Welcome to Tennis Elbow, the column that looks back on the week that was in the world of tennis. This week, Charles Blouin-Gascon reviews the 2015 season up to this point.

There is scarcely any down time during the tennis season, but perhaps this qualifies as one.

The Australian Open, and Miami and Indian Wells Masters 1000 back-to-back seem to have happened in a different season altogether; and no sooner had Novak Djokovic’s dream had gone up in flames at Roland Garros that he had redeemed himself on the holy grounds of Wimbledon. Time waits for no one in tennis.

But this month? With apologies to the organizing committee of all tournaments on the calendar this month, July mostly serves to better anticipate the slate in August.

Such is the tennis season that you almost never have the time to reflect and ponder the meaning of what has just unfolded. But sometimes, you need to take the time. You need to understand how you have arrived where you are to better see where you are headed. For the next two columns, including this one, I will highlight the five men and women players who have marked the Grand Slam tennis season until this point.

1) Novak Djokovic

Novak Djokovic is certainly the man, but don’t believe me only because I said so on Canadian television. (#Humblebrag, I know. I know.) The Serb has been the best player on the ATP World Tour for the better part of five seasons, reaching at least the finals of 15 of the previous 19 Grand Slam tournaments. He is 47-3 this year, including 17-2 against members of the Top 10 and 7-1 against those in the Top 5. If not for the next man on the list, the Djoker would also be going for the calendar-year Grand Slam at the US Open in August.

As Rafael Nadal has succumbed to injuries, and Roger Federer has faded to age, it’s Djokovic who has emerged to push the boundaries of what we thought was possible in tennis.

2) Stanislas Wawrinka

But of course, Stanislas Wawrinka had to ruin history for all of us. Wawrinka lived up to both of his monikers in Paris, being very much the man and an animal possessed as he spoiled Djokovic’s bid to add a first Roland Garros title to his resume. The win gave Wawrinka his revenge on Djokovic, who had cut short his title defense in Australia in January because winning the Australian Open is just what the Djoker does.

3) Andy Murray

Maybe you feel for Andy Murray? The theoretical fourth wheel of the big four when the big four was a thing, Murray has entered the somewhat latter phase of his career but still does not appear to be capable of meeting the expectations that the tennis world has for him. We all would love so much for him to become tennis’s next great champion, and there’s a version of this universe where he would be just that if not for Djokovic, Federer and Nadal, but alas Murray is so incredibly Andy Murray. He’s got all the shots, but he’s playing in the golden age of the sport. He’s both underrated and overrated. He’s Andy Murray.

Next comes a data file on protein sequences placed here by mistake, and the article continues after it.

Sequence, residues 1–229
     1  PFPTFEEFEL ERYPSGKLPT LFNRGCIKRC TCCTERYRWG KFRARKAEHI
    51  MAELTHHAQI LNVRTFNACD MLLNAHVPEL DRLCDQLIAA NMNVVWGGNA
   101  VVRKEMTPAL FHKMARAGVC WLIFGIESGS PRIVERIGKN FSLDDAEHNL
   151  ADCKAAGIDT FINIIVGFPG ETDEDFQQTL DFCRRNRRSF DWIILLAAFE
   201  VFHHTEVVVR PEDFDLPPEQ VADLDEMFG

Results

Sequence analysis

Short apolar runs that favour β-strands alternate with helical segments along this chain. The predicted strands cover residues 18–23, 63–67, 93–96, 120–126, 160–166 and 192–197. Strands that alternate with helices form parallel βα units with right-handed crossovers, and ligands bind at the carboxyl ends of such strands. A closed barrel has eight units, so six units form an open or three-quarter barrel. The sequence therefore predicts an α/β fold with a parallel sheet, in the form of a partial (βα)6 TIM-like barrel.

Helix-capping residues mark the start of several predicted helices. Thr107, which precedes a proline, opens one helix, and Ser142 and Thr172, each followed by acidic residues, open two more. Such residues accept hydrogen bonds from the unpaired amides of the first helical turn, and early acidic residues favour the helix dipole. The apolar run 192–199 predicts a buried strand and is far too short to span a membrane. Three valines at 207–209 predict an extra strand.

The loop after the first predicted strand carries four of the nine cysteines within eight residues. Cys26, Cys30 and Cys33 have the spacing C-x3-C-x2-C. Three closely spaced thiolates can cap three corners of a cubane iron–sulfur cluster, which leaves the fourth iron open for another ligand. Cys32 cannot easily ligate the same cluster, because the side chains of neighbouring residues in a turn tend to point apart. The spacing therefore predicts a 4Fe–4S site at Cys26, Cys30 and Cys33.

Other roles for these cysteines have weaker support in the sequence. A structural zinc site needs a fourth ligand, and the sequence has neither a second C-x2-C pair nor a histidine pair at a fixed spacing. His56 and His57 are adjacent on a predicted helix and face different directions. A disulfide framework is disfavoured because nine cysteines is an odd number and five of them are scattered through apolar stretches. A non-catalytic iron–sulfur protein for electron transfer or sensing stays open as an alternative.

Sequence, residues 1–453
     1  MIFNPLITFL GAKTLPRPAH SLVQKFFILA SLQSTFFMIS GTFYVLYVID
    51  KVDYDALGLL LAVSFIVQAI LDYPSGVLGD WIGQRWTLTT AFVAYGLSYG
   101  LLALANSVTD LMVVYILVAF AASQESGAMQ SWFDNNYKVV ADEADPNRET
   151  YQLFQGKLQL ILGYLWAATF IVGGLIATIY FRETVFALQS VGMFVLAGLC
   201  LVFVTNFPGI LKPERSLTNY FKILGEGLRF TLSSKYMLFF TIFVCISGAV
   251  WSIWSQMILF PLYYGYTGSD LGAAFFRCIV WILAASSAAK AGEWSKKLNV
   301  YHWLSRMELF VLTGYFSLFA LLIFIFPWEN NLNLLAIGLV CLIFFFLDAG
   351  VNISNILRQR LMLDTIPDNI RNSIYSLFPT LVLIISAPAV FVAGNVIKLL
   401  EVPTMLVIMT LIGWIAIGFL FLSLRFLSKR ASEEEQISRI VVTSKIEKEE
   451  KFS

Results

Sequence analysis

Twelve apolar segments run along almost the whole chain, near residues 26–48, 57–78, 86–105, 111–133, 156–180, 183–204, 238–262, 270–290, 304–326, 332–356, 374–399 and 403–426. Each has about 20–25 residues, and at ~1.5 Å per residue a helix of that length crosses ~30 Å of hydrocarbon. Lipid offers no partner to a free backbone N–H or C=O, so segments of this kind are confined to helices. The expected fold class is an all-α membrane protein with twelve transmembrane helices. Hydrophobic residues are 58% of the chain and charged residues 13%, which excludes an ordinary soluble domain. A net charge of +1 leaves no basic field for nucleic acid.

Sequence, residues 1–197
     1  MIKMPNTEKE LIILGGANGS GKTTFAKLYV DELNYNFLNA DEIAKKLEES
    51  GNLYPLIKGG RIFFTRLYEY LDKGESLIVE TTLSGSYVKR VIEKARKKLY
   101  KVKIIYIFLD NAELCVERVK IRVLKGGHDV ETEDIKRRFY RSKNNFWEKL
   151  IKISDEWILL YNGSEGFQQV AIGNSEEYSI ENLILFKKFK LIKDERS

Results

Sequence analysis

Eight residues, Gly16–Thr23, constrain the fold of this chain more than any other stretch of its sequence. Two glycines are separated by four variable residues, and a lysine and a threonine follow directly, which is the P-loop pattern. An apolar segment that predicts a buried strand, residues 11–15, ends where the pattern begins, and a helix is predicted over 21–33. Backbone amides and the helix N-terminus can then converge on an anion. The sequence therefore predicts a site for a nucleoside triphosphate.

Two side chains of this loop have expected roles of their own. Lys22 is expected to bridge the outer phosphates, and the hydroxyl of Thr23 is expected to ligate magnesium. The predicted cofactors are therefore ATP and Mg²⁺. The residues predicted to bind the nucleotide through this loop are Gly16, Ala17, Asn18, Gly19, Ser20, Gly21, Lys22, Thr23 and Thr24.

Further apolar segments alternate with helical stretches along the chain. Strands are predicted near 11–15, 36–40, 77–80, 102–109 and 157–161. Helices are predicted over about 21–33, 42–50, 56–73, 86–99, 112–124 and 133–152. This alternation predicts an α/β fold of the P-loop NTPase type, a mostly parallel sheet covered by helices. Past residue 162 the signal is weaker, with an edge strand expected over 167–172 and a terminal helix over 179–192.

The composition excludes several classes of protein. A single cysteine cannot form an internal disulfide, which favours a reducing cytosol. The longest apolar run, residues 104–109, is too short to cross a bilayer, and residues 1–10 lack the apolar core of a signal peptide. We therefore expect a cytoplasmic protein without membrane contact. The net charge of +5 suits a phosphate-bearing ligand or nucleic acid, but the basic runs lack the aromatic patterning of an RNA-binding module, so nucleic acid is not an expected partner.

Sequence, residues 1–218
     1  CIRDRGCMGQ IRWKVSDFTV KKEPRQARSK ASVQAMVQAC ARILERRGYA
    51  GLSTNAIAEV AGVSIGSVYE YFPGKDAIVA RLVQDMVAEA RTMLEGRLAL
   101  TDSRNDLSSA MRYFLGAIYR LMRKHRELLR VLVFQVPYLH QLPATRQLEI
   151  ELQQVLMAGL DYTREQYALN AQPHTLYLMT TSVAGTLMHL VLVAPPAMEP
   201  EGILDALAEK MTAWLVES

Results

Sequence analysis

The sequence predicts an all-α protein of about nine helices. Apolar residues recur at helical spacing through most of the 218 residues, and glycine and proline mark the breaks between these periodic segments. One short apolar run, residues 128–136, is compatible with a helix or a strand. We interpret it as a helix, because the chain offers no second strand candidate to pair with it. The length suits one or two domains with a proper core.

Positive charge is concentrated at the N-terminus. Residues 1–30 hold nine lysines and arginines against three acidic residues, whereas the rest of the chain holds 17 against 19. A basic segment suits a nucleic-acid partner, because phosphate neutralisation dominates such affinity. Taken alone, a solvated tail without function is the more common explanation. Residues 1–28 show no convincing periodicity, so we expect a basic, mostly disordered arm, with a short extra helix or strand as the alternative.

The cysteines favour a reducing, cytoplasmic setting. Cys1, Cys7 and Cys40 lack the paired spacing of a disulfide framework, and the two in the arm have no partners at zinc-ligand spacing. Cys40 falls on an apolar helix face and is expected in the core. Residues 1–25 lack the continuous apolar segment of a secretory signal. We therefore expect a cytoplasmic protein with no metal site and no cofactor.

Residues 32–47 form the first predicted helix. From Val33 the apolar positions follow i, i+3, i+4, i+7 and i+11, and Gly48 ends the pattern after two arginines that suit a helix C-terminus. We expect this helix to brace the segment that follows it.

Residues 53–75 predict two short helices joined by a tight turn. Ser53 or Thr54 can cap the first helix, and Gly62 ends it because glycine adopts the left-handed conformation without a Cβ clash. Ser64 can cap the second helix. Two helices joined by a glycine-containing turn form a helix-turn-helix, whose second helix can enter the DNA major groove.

4) Roger Federer

Has Roger Federer become a sort of rich man’s David Ferrer? For years, Ferrer was the little engine that could, the one player who could never seriously threaten the four great champions ranked ahead of him, but also the one player who barely ever lost to anyone not from the Top 4. Now, Ferrer is 33 years old and our expectations for him have appropriately been lowered.

In 2015, Federer is entrenched as the second best player on the ATP World Tour and yet, he has one Grand Slam title since 2010. He’s still good for the occasional final here and there, but the one formerly known as King Roger seems overmatched in the bigger matches now; he’s also, quite possibly, just the second best player from Switzerland.

But he’s 33 years old and soon turning 34. Maybe it’s time to start expecting a little less from the man.

5) The lack of Rafael Nadal

Rafael Nadal’s best results this season have been two quarterfinals. At Wimbledon, the Spaniard lost in the second round, but an early Nadal loss in England has become so inconsequential. What was most telling is Nadal’s loss at the French Open: at the tournament that he has dominated so outrageously for the past decade, Nadal was overmatched and outclassed. What should have been such a landmark achievement didn’t feel as such, because Djokovic was too good for the Spaniard, even at Roland Garros.

We hope that Nadal fans have the stomach to endure what could very well be the new normal for their guy.

Follow Charles Blouin-Gascon on Twitter @RealCBG


  1. Given the subject of this piece, not sure why Nadal is included. Clearly not one of the best five whereas the other four should I agree be listed.

  2. Andrew, thanks for the comment. I included Nadal because he has been such a force throughout his career, at Grand Slams and elsewhere, and that in lieu of any player being so dominant or surprising, what has been noteworthy in 2015 is a lack of results for Nadal.


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